Monday 11 January 2016
UK Politics - the unlevel playing field
During the "official" period of the election campaign in 2010 the Conservatives spent £16.7m, Labour £8.0m and the Liberal Democrats £4.8m. As far as I can see figures are not yet available for 2015.
The 2005 and 1997 elections were pretty unusual in that Labour's spending almost matched the Conservatives (with the Liberal Democrats trailing sadly behind ) but the typical ratio for most elections from 1945 until 1997 was that the Conservatives spent twice as much as Labour, with the Liberal/Liberal Democrats peanuts by comparison with either.
These figures are for the "short" election campaign itself. Presumably expenditure between elections to "maintain the brand, " pay officials in key marginals, and to assess public opinion (Lord Ashcroft's private polls in key marginals,) demonstrates a similar ratio.
It's interesting to speculate on what the results of British general elections would be if the parties' spending power were more equal and we had a more balanced press.
This inequality of spending has been a running sore in our democracy for years and various attempts have been made to obtain a fairer system of financing the parties. Until now all-party agreement has been considered necessary. The Tories scuppered the last attempt by walking out.
The Labour Party depends on the Trade Union movement for a large proportion of its funds. Attempts to limit the ability of the Unions to make these contributions have a long history, based around the need for the individual trade union members to "contract in" or "contract out" of paying that part of their subscription which constituted the political levy.
Given that the Labour Party was created as the political arm of the Trade Unions, the initial assumption was that members would automatically pay the political levy unless they specifically contracted out of it. In 1927, following the General Strike, the then Conservative government passed a law which required that the levy should only be collected from those members who actively contracted in. The immediate post war Labour government reversed this in 1946 and "contracting out" remains the present status quo.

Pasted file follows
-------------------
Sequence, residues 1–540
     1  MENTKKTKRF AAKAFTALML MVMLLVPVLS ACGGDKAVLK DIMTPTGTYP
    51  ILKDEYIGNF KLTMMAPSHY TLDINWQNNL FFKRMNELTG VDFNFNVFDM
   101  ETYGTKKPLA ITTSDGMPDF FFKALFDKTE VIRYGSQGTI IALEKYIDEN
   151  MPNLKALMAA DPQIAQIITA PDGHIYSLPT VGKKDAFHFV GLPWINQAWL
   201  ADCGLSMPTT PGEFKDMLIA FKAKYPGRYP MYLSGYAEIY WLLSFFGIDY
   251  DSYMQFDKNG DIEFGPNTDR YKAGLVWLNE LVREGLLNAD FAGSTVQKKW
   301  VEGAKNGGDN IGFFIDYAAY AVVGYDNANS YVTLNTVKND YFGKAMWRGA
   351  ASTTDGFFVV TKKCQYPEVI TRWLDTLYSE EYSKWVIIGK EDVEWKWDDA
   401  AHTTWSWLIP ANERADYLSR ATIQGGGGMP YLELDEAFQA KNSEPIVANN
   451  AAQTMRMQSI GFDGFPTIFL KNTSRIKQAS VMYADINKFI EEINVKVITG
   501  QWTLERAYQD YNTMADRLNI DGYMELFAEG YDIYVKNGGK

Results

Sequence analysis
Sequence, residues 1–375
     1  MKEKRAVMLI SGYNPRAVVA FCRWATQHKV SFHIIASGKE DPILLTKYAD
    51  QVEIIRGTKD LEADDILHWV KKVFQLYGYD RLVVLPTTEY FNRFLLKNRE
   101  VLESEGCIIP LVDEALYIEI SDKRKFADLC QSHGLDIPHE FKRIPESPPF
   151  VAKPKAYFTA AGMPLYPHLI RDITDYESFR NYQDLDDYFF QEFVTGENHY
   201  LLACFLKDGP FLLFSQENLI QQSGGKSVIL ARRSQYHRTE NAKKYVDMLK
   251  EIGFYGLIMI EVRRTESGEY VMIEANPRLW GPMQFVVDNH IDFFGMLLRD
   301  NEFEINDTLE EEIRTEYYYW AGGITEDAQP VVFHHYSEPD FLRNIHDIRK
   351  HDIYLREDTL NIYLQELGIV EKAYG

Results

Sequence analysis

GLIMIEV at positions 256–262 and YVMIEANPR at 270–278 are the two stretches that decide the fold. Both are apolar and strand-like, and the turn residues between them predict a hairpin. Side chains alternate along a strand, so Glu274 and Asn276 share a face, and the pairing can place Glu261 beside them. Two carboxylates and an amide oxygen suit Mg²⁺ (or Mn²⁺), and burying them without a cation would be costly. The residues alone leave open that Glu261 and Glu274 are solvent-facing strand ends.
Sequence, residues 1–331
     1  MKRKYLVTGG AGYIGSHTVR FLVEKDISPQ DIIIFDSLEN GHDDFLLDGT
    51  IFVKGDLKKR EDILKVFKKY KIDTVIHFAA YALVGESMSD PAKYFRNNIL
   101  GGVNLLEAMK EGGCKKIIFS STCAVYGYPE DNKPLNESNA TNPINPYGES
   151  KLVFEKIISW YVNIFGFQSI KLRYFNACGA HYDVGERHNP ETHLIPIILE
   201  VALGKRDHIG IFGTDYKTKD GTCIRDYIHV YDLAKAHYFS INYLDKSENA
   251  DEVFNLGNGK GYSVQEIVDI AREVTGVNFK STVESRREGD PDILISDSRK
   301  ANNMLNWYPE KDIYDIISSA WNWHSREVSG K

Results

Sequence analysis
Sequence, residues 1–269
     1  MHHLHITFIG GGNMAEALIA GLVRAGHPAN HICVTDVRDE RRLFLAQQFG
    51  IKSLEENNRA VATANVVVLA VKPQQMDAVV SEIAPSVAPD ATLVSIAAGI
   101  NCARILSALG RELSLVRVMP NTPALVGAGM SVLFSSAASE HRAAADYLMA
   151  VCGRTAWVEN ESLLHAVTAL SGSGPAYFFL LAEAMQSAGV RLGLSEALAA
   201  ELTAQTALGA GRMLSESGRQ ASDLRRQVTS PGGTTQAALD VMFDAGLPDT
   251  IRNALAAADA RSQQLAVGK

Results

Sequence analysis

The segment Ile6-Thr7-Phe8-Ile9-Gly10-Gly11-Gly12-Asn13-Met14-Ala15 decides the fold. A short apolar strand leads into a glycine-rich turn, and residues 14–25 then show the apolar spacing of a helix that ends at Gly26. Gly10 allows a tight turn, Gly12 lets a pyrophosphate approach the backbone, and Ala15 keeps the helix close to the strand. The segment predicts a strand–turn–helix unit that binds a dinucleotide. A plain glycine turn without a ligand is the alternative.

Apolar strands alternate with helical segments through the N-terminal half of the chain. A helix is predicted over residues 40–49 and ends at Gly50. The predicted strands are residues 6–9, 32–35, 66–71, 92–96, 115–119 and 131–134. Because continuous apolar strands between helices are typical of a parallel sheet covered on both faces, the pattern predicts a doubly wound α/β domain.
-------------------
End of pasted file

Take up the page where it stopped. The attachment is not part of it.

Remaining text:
Today the Conservative government has a bill in the House of Lords which, if it eventually becomes law, will restore "contacting in" and, it is estimated, will reduce the income of the Labour Party by some £6m per year. At the same time the modest state funding of opposition parties, known as "Short Money," will be reduced on the pretext that it is right that the political parties should share in austerity and so be "all in it together."
Trade Union funding of the Labour Party is by no means perfect. We Liberals have long argued that individual trade unionist should be allowed to opt for which political party their levy should go. Not surprisingly, this plea has been ignored.
But in an imperfect world the present Tory action is a piece of blatant bullying: an abuse of the democratic process, a lack of respect for minorities and failure to accept that a healthy democracy requires healthy opposition. It is also blatantly unfair, in that there is to be no requirement for shareholders to have any say whatsoever in the hefty subventions so many large firms make to the Conservative Party.
My first lecturer in politics, way back in the 1950s, was a Mr Checkanovski, clearly not a native. He made much of the importance of the "British sense of fair play" in the operation of our constitution. At the time I glowed with quiet pride. Not any more.
Here's hoping that the House of Lords will show that some sense of decency still survives and throw out this bullying measure.